Setting your location helps us to show you nearby providers and locations based on your healthcare needs.
Your Location is set to Change My Location
Cone Health wants to help you get well and stay well. This section provides tools and information to achieve good health and maintain your well-being.
Learn what community resources are available to help you get well and stay well.
View health and wellness news you can use from Cone Health providers on
View Advanced Search OptionsView All Doctors
View All Locations
Home > Patient & Family Resources > Health Library > Color Blindness
Color blindness results from an absence of color-sensitive pigment in the cone cells of the retina, the nerve layer at the back of the eye that converts light into nerve signals that are sent to the brain. A person with color blindness has trouble seeing red, green, blue, or mixtures of these colors.
Most color vision problems are inherited and are present at birth. Other color vision problems, called acquired colored vision problems, are caused by aging, disease, injury to the eye, optic nerve problems, or a side effect of medicines. Inherited color blindness is more common than acquired color blindness and affects males far more often than females.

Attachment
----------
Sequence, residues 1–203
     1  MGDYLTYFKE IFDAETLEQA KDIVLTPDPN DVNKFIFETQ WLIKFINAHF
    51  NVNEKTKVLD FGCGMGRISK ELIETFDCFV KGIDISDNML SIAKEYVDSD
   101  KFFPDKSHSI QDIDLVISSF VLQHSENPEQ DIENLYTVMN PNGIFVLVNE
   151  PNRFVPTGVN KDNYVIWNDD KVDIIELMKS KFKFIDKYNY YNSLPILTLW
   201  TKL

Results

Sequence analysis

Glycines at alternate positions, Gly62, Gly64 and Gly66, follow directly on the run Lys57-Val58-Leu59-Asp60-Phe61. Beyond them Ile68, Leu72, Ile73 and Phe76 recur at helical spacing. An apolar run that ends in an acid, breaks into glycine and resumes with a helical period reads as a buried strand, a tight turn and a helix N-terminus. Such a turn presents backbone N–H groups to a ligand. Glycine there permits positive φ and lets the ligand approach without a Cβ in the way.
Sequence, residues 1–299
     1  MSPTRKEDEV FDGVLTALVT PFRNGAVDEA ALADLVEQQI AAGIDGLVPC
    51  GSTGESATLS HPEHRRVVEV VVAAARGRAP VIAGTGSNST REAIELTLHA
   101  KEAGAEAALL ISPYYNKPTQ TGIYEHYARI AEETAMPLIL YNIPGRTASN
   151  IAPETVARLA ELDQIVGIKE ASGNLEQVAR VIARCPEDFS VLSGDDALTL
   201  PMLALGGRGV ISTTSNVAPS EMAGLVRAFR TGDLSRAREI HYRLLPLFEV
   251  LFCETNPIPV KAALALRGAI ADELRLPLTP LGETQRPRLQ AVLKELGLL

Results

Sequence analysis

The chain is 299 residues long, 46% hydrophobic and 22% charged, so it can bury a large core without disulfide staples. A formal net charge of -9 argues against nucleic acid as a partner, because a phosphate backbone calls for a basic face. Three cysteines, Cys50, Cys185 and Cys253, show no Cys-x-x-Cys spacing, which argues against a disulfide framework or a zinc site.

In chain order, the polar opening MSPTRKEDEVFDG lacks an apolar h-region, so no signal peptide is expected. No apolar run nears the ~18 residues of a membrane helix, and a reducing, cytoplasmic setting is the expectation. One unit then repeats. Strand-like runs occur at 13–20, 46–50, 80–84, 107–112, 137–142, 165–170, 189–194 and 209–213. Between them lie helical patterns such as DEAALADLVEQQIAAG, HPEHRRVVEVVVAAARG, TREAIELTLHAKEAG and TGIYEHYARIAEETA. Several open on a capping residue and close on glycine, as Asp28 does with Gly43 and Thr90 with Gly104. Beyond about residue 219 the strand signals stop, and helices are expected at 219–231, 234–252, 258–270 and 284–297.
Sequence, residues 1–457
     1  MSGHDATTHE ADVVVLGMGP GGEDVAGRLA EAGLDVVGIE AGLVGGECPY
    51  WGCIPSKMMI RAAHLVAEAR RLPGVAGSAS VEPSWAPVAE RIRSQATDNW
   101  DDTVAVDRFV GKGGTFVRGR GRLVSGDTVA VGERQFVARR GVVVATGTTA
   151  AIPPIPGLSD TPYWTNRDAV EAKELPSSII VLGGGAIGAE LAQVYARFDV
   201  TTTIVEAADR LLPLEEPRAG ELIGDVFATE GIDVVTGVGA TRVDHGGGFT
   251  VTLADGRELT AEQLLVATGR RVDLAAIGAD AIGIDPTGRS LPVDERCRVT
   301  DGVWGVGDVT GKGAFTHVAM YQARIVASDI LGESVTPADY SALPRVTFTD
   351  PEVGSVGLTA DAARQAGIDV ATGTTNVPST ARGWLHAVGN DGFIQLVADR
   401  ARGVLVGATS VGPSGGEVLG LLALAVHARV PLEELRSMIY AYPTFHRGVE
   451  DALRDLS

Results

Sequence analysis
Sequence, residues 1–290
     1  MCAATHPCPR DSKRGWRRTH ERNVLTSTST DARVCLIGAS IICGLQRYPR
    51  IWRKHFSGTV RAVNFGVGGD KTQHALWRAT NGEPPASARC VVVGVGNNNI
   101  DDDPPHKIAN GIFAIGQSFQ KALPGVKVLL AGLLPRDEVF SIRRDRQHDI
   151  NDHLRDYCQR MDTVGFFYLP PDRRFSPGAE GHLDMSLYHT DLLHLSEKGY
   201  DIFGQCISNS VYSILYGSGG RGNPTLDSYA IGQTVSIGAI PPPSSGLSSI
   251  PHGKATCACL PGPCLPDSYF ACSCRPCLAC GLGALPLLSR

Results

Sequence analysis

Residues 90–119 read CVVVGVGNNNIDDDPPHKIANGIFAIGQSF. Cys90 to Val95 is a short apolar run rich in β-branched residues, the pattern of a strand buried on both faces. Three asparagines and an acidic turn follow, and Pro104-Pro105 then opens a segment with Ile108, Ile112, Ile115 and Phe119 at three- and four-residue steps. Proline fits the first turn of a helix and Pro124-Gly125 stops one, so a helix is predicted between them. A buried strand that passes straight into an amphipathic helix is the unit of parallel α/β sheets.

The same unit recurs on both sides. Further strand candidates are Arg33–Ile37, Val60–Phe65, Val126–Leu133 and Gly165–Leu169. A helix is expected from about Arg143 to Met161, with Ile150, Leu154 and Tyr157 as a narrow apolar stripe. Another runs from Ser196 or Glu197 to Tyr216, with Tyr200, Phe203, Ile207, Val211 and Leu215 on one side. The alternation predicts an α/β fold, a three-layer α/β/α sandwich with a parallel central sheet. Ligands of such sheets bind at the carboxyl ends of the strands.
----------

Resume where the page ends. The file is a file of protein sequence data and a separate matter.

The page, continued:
Inherited color vision problems cannot be treated or corrected. Some acquired color vision problems can be treated, depending on the cause.
Current as of:
May 5, 2019
Medical Review:Kathleen Romito, MD - Family Medicine & Martin J. Gabica, MD - Family Medicine & Adam Husney, MD - Family Medicine & Christopher Joseph Rudnisky, MD, MPH, FRCSC - Ophthalmology
To learn more about Healthwise, visit Healthwise.org.
© 1995-2019 Healthwise, Incorporated. Healthwise, Healthwise for every health decision, and the Healthwise logo are trademarks of Healthwise, Incorporated.
Subscribe to our Wellness Matters e-newsletter, a monthly snapshot of the some of great wellness content from Cone Health providers.